#Hashtag Hong Kong



    Listen to #Hashtag Hong Kong every Sunday morning at 8.15

    Focussing on issues affecting civil society, we'll hear from representatives of NGOs, associations, statutory bodies, and non-profit groups.

    (Sundays 8.15am - 8.25am)



    Dr Joey Chan, Secretary of the Hong Kong Society of Sleep Medicine and CUHK Associate Professor (Clinical) Department of Psychiatry, Faculty of Medicine, CUHK

    Hong Kong is currently facing several significant sleep-related challenges that warrant attention. Firstly, a notable concern is the high prevalence of inadequate sleep among adults and adolescents. The latest community survey conducted by CUHK included over 4,000 adults and revealed that 41% of respondents reported an average sleep duration of seven hours or less on their usual days*1. This falls below the general recommendation of the National Sleep Foundation, which advises adults to aim for 7 to 9 hours of sleep per night. Disturbingly, adolescents also face similar issues, with a majority of them (94%) failing to meet the recommended nine hours of sleep per day. Furthermore, 25% of adolescents reported less than seven hours of sleep, and over half of them (58.4%) perceived their sleep as insufficient.*2
    Secondly, insomnia remains a prevalent sleep disorder in Hong Kong. Approximately one-third of the local population experiences symptoms of insomnia, while around 10% exhibit more frequent symptoms indicative of an insomnia disorder.*3
    Thirdly, a lack of awareness regarding the importance of sleep is apparent among the general public. While healthy eating and regular exercise are commonly emphasized as vital components of a modern healthy lifestyle, sleep health is often overlooked. In Hong Kong, only half of the individuals who slept less than seven hours recognized the significance of adequate sleep, alongside a mere 12% who would prioritize maintaining a regular sleep schedule *1. Additionally, seeking assistance for sleep problems remains uncommon, as half of those experiencing insomnia never seek help for their condition *4.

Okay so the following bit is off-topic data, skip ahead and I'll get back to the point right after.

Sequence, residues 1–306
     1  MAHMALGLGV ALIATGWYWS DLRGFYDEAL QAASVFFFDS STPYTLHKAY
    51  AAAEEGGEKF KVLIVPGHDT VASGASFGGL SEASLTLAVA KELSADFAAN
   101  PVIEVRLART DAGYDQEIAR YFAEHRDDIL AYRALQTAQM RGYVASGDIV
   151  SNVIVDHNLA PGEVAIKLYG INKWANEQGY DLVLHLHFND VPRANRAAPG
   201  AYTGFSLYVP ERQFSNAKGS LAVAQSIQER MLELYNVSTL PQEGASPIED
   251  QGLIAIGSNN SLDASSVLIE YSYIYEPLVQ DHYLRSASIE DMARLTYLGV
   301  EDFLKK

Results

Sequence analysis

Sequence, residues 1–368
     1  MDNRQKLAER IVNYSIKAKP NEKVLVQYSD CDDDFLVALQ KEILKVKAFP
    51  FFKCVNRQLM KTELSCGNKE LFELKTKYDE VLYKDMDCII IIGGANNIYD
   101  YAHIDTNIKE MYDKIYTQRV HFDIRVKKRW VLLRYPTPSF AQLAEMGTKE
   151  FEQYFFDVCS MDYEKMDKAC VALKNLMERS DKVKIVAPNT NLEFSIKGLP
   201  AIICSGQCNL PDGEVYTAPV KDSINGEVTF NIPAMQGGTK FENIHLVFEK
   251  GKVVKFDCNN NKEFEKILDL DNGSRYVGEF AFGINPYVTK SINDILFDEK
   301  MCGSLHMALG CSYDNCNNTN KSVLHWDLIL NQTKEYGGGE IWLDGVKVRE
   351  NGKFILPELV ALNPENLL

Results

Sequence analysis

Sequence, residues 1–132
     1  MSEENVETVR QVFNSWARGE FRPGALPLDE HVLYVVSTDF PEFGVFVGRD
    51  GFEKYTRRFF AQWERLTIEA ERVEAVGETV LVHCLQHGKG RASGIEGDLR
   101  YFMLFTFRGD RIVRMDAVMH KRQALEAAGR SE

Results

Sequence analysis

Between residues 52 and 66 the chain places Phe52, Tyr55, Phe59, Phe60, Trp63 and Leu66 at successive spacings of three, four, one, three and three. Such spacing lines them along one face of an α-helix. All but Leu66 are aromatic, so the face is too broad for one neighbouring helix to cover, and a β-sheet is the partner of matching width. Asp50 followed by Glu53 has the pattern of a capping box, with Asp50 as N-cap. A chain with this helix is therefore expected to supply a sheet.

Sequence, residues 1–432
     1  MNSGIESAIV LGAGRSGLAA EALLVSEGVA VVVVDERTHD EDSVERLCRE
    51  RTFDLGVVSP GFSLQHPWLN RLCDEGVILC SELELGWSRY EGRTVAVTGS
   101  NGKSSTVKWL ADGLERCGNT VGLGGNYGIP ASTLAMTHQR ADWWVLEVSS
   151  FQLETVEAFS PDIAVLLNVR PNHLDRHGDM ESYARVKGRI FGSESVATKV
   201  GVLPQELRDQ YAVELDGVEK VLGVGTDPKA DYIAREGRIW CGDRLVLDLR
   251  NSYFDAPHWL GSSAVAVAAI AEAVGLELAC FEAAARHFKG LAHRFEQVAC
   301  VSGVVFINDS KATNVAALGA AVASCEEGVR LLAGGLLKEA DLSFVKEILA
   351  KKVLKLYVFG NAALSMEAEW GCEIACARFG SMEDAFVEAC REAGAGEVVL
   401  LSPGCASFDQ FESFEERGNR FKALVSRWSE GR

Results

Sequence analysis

Lastly, findings from a recent study comparing data from two large-scale sleep surveys conducted seven years apart (2011-2012 and 2017-2019) suggest a worsening trend in sleep health among adolescents. The study discovered that Hong Kong adolescents were sleeping 30 minutes later on weekdays, but waking up almost an hour earlier on weekends, and spending 30 minutes less time in bed overall. These changes have resulted in an escalation of sleep loss among the younger generation, indicating a concerning decline in sleep health over the past years. 
    Insomnia is the most prevalent sleep disorder around the globe. The local prevalence, as mentioned, is between 10-30% depending on the illness definition. Multiple reasons can lead to insomnia and here are the common ones: 
    First: Suboptimal sleep habits, which include irregular sleep-wake schedule, excessive use of caffeine, excessive napping in the daytime, and exposure to a lot of artificial light at night before bedtime. With the increasing use of electronic devices, not only does the engaging content keep us awake, but the blue light also has an alerting effect and it suppresses the release of melatonin, a key hormone to prepare us for sleep. 
    Secondly, our sleep can be affected by both mental and physical health issues. Stress and worries can increase insomnia, and sleep disturbance is one of the hallmark features of many mental disorders. Certain medical conditions like chronic pain, acid reflux, heart disease or thyroid problems can also interfere with sleep. 
    Thirdly, the use of certain substances or medications can also affect sleep. This may include caffeine, nicotine, alcohol, steroids and narcotics. Withdrawal from certain substances such as hypnotics, and alcohol can also lead to insomnia. 
    The first step to motivate a change in healthy sleeping practices often involves education and knowledge-building. We aim to increase public awareness about the importance of sleep health, to enable them to recognize when there is a sleep problem and know the ways to seek help.